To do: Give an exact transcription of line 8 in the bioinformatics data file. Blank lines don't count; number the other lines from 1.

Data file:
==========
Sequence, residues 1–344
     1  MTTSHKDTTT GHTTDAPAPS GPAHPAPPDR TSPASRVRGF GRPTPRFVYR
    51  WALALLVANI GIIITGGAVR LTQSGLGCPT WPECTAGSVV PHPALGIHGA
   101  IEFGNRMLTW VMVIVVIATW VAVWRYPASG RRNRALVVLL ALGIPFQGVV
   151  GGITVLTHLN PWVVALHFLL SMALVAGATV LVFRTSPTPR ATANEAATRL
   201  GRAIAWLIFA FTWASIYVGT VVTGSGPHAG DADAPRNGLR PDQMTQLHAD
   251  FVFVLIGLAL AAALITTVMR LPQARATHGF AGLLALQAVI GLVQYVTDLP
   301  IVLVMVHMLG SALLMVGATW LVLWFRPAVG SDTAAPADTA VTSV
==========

   301  IVLVMVHMLG SALLMVGATW LVLWFRPAVG SDTAAPADTA VTSV